The governor of Al-Dayer, Nayef bin Lebdah, said the people of Jazan were proud of the Khawlani coffee bean. He also said that coffee beans were much more economically beneficial than qat.
“All newly planted qat trees have been completely uprooted,” he told Arab News. “All the people have found that planting coffee beans is much more feasible and rewarding than qat. Attempts to smuggle qat have also dropped thanks to the security efforts along the border with Yemen. Add to that, young people themselves have concluded that their future will be in coffee beans.”
Teacher Yahiya Shareef Al-Maliki viewed qat as an “intruder’’ and said the coffee tree was the region’s indigenous product.
“In 1970, there were only four people who used to chew qat in the entire governorate,” he told Arab News. “It then started to become common among the people here in 1995 due to opening the borders that caused importing qat from abroad.”

FASTFACTS

• In 2014, people reconsidered coffee as an alternative crop and young people started to grow coffee beans with the help of unlimited support from the governorate.

• Some 50,000 seedlings were distributed and farmers began to restore the profession of their fathers.

• The governorate replanted more than 10,000 genuine Khawlani coffee seedlings and gave them to the farmers.

The increase in qat cultivation affected the planting of coffee beans, he added, but in 2014 people reconsidered coffee as an alternative crop and young people started to grow coffee beans with the help of unlimited support from the governorate. “Some 50,000 seedlings were distributed and farmers began to restore the profession of their fathers.”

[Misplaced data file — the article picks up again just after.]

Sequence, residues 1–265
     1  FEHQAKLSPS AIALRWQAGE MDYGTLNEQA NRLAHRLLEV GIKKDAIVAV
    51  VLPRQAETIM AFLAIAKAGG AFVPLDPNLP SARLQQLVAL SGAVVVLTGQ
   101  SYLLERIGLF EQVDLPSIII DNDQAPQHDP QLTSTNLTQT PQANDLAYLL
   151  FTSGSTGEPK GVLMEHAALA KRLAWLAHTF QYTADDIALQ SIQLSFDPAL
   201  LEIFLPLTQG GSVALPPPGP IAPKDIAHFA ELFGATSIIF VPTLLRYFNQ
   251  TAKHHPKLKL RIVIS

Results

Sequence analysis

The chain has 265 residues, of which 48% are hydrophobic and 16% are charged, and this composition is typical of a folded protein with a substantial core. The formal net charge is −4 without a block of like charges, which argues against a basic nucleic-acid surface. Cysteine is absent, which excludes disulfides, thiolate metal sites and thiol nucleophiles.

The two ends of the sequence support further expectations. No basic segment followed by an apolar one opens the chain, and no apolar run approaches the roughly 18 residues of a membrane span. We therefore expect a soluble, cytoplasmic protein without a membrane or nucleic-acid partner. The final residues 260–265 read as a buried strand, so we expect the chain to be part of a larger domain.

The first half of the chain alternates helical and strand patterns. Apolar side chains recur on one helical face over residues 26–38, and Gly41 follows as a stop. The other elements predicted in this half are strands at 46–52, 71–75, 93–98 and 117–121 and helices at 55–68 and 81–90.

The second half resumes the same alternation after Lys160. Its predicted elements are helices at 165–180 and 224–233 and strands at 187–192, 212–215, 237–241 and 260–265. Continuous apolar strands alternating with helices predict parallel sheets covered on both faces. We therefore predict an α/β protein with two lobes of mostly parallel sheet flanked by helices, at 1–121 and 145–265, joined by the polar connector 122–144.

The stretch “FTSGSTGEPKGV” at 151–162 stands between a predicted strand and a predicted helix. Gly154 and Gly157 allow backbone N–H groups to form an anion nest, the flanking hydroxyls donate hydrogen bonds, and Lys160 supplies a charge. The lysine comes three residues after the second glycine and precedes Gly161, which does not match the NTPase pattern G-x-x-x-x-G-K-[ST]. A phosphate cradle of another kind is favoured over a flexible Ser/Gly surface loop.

People in Jazan used to waste their time and money on qat, he said. They would gather and chew qat for many hours, he added, hours that could have been spent working. But the growth of the educational landscape in the region, in addition to the success of the coffee industry, was a factor in combating qat abuse, as young people were able to access more opportunities and improve their prospects.
The Khawlani coffee bean is being offered to UNESCO for inclusion on a heritage list.
“The preparation of the file related to the skills and knowledge pertaining to the cultivation of Khawlani coffee in the Jazan region has been completed before presenting it to UNESCO,” the Kingdom’s Culture Minister Prince Badr bin Abdullah said. If listed, he added, it would be the Kingdom’s fourth intangible cultural heritage and eighth among the total heritage items included in the UNESCO heritage list.
Saudi columnist Hamood Abu Talib said the Jazan region was the only place the beans were grown. “This festival (Coffee Beans Festival), which is being held in collaboration with the governorate (of Jazan), the farmers themselves and Aramco, is an important national economic investment,” he told Arab News.
“Many countries’ economies, such as Brazil and Ethiopia depend mainly on this product — coffee. It needs professional marketing through the media to attract visitors from inside and outside the Kingdom. This is an essential strategic transformation.
“We know that the Faifa Mountains Development and Reconstruction Authority’s strategic goal was to uproot the harmful trees of qat and replace them with profitable crops that are beneficial to the farmers as well as the whole region. These were also intruding, invasive trees. We replanted more than 10,000 genuine Khawlani coffee seedlings and gave them to the farmers.”